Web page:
Contemporary Full Calf. Modern buckram cloth chemise and slipcase.
Valladolid, Spain, 1571. Contemporary Full Calf. Modern buckram cloth chemise and slipcase. . Good. Folio. 32 by 21 cm. 46 numbered vellum leaves, 49 vellum leaves in total, plus a few paper blanks front and rear. On an early page is a painting of the elaborate Cordoba family coat-of-arms, within which are several towers and armored figures depicted, and radiating out from are 25 banners. Also containing by our count 84 instances of illuminated lettering, most often a single letter but not infrequently a word or more, almost always in either case enclosed in a box or rectangle with other ornamentation surrounding the letter. The manuscript itself is essentially a record of a lawsuit involving the Cordoba family which brought to recover property improperly seized by the city of Talamanca in the collection of tax. In the suit the Cordobas asserted that on account of their nobility they were exempt from taxation. The family was able to establish their noble status and thereby prevail in the lawsuit. Thus the document is strictly speaking, not a straightforward patent of nobility, which is a document that accompanies an ennoblement or elevation in noble status ab initio but rather a testament to noble status that long predates the document. For many, the primary interest of the document, though, is not its literal contents but rather its age and beauty. As to the latter, there is the writing, the illumination and the illustration. The writing is in a Gothic script then in common use but to the untrained eye, quite inscrutable when it comes to reading it. Few would not recognize its elegance, and here the writing is rendered with a preternaturally neat hand. The full calf binding is certainly early, if not contemporary, with the document. It is decorated with gilt Baroque devices on both the front and back. The front also has the name "Cordoba" impressed in gilt. The binding itself is heavily rubbed and abraded. Ribbon ties but for a tiny remnant are perished. Still, an appropriate and handsome complement to the contents. 18th century endpapers, either from the 1700s or 1800s. The document appears to have once been folded and the vellum is wavy throughout. Some leaves are heavily soiled and dampstained, but never is the text obscured. The modern slipcase and chemise are in fine condition but even with the leather title label on the spine, are nothing more than a good functiional method to preserve the prize within. (Inventory #: 005073)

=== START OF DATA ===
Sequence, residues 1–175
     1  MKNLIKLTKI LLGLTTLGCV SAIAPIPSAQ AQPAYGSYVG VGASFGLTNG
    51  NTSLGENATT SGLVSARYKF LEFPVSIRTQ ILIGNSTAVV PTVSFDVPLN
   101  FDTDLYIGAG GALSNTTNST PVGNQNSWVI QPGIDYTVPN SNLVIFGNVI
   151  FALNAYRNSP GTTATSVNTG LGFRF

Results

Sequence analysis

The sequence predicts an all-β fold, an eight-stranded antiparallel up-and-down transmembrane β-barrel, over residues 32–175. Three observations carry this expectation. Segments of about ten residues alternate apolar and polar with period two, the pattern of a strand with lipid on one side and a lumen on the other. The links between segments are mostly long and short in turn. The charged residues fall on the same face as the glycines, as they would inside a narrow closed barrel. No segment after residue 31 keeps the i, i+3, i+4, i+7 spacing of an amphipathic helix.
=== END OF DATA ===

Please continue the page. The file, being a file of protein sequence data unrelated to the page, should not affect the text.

You can be confident that when you make a purchase through ABAA.org, the item is sold by an ABAA member in full compliance with our Code of Ethics. Our sellers guarantee your order will be shipped promptly and that all items are as described. Buy with confidence through ABAA.org.